Most folks laugh when they read that gravity is a social construct. But most folks aren’t academics.
The latest issue of the Chronicle of Higher Education includes an “oral history” of one of the greatest hoaxes in recent American history: Alan Sokal’s pranking of a postmodern literary journal.
Twenty years ago, the “left-wing cultural-studies journal” Social Text, published an article by Sokal, then as now, a professor of mathematics and physics at New York University. The article was entitled “Transgressing the Boundaries: Toward a Transformative Hermeneutics of Quantum Gravity.”
Now, if the title sounds like gibberish to you, you probably don’t read many “left-wing cultural studies” journals like Social Text. The same issue Sokal’s article appeared in included articles entitled “Unity, Dyads, Triads, Quads, and Complexity: Cultural Choreographics of Science,” and “Meeting Polemics with Irenics in the Science Wars.”
So, title-wise, Sokal’s article fit right in. The same was true of his content. “Liberally citing” the works of “feminist epistemologists, philosophers of science, and critical theorists,” Sokal “endorsed the notion that scientists had no special claim to scientific knowledge.”
Just as postmodern theory pronounced that so-called facts about the physical world were mere social or political constructs, he wrote, “quantum gravity undermined the concept of existence itself, making way for a ‘liberatory science’ and ‘emancipatory mathematics.’”
A quote attributed, probably incorrectly, to George Orwell goes, “There are some ideas so absurd that only an intellectual could believe them.” Whether or not Orwell actually said it, history strongly suggests it’s true, which is why no one at the journal raised an eyebrow when Sokal submitted his article.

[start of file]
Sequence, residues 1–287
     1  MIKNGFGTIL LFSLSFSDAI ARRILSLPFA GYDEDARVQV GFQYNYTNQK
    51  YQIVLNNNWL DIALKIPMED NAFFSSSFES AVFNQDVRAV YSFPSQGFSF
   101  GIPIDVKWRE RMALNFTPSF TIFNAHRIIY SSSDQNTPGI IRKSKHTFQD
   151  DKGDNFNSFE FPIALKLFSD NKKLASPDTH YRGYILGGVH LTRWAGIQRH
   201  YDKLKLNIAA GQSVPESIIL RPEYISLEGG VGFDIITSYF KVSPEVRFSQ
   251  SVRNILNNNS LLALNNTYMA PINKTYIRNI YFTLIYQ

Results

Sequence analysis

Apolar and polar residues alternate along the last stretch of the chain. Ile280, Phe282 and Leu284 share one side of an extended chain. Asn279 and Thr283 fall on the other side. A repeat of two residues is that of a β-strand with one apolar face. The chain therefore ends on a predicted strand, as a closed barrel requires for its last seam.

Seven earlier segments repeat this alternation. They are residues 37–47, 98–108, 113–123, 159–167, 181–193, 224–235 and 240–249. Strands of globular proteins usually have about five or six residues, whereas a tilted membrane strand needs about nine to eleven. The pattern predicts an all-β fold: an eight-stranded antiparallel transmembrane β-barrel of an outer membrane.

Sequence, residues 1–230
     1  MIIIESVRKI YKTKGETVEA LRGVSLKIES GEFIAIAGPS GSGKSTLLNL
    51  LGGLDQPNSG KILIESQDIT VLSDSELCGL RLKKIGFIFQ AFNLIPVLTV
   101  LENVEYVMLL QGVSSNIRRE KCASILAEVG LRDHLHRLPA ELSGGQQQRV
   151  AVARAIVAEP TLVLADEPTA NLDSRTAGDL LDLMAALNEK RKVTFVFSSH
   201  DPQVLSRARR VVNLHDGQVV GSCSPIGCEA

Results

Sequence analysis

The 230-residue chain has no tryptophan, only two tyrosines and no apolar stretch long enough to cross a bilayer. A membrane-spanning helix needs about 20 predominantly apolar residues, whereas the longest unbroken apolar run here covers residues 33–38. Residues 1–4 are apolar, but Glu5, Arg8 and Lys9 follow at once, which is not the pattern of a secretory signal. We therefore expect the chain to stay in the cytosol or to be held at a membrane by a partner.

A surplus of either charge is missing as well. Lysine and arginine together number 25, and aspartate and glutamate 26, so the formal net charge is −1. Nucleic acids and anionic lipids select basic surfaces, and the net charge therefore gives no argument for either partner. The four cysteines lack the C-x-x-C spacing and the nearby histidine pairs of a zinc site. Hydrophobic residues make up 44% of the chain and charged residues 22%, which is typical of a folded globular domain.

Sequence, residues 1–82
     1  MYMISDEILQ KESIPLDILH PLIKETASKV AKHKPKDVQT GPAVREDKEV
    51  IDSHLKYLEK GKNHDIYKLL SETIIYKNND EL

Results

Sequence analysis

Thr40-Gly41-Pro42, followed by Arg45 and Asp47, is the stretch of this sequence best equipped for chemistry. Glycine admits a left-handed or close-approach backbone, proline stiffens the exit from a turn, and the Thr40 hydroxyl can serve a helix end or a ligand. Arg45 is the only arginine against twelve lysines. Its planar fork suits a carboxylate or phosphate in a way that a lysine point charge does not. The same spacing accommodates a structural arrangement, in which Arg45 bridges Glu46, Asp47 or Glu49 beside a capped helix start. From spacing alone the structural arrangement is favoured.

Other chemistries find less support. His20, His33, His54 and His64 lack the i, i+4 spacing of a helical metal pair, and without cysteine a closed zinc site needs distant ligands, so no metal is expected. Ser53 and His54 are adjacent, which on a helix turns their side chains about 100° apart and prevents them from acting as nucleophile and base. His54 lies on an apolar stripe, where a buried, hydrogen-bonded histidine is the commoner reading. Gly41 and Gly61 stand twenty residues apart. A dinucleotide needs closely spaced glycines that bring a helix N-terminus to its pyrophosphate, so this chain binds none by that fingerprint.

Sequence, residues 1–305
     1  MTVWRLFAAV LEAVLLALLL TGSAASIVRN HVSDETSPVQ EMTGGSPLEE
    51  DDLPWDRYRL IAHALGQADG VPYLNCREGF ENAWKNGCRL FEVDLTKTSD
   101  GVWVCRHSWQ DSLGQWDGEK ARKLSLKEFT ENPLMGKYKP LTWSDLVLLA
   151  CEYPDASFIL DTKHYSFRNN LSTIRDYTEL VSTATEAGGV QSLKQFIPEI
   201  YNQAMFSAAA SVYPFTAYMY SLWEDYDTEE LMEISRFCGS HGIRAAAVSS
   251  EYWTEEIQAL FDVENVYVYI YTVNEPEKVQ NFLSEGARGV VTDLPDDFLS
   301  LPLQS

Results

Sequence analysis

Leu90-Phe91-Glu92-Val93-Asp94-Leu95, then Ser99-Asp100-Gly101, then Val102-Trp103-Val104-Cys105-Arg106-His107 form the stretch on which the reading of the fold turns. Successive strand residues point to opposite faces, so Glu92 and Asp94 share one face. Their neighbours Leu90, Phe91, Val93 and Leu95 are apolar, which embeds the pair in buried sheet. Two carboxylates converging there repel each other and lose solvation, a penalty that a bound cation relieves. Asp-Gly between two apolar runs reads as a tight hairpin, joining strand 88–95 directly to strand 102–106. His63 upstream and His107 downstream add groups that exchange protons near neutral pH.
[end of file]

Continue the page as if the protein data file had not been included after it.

That fell to Sokal himself. Two weeks after the publication, he told another journal that the article was a hoax prompted by a desire “to expose the sloppiness, absurd relativism, and intellectual arrogance” of "certain precincts of the academic humanities.”
He added that “Anyone who believes that the laws of physics are mere social conventions is invited to try transgressing those conventions from the windows of my [twenty-first floor] apartment.”
Twenty years later, as George Will notes in the Washington Post, it’s clear that little if anything has changed. To be certain, no one is calling gravity “socially-constructed,” but as Will put it, “Twenty years on, one lesson of Sokal’s hoax is that many educators are uneducable.”
A case in point is sex and gender. The same issue that published Sokal’s hoax contained an article entitled “Gender and Genitals: Constructs of Sex and Gender.” In it, the author argued that the “‘Western assumption that there are only two sexes’ is being refuted by ‘a rainbow of gender’ purged of ‘the binary male/female model.’”
Now, this may have seemed as absurd as “socially-constructed” gravity in 1996, but it’s become mainstream twenty years later. The cover story of the January 2017 issue of National Geographic is one long purging of “the binary male/female model” and a celebration of “a rainbow of gender.”
Regrettably, refuting this bit of unscientific gibberish isn’t as simple as inviting someone to step outside a 21st floor window. Nevertheless, as Chuck Colson liked to say, just as there are physical laws of the universe, so there are moral laws. Transgress either, and you’re in for a world of hurt.
Speaking of refuting gibberish … how well are you prepared to not only truly understand what you believe, but also to defend what you believe in your sphere of influence: at home, at school, or at work? Please consider applying for the Colson Fellows Program. Please visit ColsonFellows.org today.
Eric Metaxas is the host of the “Eric Metaxas Show,” a co-host of “BreakPoint” radio and a New York Times #1 best-selling author whose works have been translated into more than twenty languages.
Editor's Note: This piece was originally published by BreakPoint.